This pattern can also work with <select> or checkboxes. For example, if you wanted to make a pizza ordering form, you might offer toppings as checkbox inputs. Then in the order review area, you can list the selected toppings. Pretty cool!

I haven’t found a way to make this work across many different implementations without explicitly adding add the different ID’s and classes. So the downside is that your CSS will grow linearly with each implementation.

With that in mind, if you only need to do this a few times, CSS is a great choice. If you want to show/hide elements throughout several places in your application, JavaScript may be a better choice.

It’s also worth mentioning that whenever you show and hide content, you’ll want to think of the accessibility concerns. In this scenario, the content comes immediately after the interactive element (form control). That makes it easy for assistive technology users to discover what has changed. But if the content we before the control, or far away from it, it may require JavaScript to improve the experience using tools like aria-expanded or aria-controls.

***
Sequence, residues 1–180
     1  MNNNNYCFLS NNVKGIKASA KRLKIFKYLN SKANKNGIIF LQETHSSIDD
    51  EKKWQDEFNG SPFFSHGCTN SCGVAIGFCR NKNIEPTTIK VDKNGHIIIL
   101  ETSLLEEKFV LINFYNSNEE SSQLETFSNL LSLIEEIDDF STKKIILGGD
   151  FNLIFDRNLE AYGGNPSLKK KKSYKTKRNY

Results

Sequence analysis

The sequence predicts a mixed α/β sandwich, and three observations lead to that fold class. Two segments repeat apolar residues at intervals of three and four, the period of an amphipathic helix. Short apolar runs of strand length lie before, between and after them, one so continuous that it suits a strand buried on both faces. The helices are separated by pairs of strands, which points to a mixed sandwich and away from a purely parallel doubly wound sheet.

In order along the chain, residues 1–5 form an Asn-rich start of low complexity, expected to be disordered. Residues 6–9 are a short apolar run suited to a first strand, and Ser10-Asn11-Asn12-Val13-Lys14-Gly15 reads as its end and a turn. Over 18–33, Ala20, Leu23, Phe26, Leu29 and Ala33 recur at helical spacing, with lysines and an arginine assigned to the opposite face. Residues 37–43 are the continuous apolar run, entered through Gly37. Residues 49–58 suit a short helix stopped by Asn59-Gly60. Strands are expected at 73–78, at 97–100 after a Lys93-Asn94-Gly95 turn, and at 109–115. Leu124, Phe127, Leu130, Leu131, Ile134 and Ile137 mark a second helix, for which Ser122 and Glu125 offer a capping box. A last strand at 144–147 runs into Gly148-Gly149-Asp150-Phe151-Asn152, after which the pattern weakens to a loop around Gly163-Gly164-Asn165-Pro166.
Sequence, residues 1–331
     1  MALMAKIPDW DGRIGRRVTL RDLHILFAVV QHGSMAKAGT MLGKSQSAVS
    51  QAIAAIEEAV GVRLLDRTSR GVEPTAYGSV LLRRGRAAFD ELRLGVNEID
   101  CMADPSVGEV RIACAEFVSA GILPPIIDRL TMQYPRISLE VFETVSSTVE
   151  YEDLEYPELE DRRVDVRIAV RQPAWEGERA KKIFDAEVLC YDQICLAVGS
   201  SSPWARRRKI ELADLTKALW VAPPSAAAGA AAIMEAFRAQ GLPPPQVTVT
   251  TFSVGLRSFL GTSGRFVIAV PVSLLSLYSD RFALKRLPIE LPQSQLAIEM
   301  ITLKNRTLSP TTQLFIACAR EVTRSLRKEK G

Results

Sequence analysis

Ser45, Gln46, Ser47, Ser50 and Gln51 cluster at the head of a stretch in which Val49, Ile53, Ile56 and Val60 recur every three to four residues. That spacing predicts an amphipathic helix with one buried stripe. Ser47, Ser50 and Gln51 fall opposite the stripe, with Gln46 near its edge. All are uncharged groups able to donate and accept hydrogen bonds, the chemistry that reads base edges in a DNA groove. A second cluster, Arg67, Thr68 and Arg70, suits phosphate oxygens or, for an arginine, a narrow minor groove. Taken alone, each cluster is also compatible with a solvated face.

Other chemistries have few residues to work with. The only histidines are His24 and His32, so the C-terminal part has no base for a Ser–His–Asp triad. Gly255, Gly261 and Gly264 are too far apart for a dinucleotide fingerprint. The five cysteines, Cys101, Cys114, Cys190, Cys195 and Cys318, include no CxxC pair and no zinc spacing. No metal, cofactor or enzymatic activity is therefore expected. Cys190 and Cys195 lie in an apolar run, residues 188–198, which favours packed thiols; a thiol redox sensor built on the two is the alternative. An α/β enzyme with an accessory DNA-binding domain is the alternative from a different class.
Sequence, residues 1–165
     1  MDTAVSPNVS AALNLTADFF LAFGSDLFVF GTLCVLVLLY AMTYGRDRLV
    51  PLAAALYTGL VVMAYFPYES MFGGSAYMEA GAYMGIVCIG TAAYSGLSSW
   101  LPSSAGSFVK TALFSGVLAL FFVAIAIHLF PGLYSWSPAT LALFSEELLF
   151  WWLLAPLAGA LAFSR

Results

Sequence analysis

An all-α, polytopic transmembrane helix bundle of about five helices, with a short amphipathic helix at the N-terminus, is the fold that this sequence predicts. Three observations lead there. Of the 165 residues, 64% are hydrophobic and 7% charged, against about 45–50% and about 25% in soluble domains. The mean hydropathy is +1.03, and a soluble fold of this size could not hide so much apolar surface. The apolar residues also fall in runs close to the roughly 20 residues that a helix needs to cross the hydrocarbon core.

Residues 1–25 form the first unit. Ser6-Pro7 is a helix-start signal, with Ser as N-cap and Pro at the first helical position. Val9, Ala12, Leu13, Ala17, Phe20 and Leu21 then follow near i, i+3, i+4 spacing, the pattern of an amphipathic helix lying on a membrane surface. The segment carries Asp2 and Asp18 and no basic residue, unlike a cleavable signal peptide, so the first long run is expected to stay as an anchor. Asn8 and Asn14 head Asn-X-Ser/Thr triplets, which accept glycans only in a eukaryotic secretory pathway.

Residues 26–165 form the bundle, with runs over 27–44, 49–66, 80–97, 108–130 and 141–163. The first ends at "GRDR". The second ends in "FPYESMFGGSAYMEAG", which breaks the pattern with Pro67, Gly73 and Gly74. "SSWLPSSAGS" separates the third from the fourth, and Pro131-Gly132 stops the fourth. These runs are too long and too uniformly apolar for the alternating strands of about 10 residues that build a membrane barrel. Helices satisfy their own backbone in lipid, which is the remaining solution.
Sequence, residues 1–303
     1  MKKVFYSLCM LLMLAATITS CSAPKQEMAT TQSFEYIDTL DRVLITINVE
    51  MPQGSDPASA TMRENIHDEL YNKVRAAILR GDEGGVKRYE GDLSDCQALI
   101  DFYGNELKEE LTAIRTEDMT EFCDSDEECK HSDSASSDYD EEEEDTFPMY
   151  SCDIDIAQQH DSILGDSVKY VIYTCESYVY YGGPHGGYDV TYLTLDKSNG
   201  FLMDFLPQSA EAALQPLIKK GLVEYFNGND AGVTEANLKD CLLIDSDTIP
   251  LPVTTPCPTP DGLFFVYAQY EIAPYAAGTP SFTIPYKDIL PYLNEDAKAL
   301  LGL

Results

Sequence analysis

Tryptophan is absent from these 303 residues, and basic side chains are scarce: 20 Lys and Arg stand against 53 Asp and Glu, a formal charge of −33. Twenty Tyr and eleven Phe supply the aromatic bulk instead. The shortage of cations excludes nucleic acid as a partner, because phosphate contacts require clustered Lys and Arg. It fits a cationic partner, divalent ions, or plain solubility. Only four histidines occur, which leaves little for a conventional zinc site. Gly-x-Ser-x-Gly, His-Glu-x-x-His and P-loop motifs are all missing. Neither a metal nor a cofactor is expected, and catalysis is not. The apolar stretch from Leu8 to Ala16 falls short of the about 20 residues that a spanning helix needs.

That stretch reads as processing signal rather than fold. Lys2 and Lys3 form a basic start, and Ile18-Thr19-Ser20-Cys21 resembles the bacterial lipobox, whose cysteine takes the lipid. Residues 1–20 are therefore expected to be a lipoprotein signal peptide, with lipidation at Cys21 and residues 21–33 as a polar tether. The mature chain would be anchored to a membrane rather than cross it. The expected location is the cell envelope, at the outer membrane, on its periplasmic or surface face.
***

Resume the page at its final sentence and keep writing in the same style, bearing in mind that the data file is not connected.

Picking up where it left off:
Anyway, my goal here was to show you what’s possible. Which is awesome!

Form-level Validation Hints

The last thing I wanna show off today is a form’s submit button. Let’s set up a form with a required checkbox before the form can be submitted. Wouldn’t it be cool if we gave some sort of visual feedback when the form is invalid vs. valid?

An unchecked checkbox and a button with the text "Submit". The checkbox is labeled, "I learned something cool!" The button is grey and slightly opaque.
A checked checkbox and a button with the text "Submit". The checkbox is labeled, "I learned something cool!" The button is purple with white text.

We can do that with :has()

<form>
  <div class="control">
    <input id="checkme" type="checkbox" name="learned" required />
    <label for="checkme">I learned something cool!</label>
  </div>

  <button type="submit">Submit</button>
</form>

In the markup above, we have a required checkbox. If it’s unchecked, that it will satisfy the :invalid pseudo-class.

We can check if the form has any invalid input and apply styles to the submit button accordingly.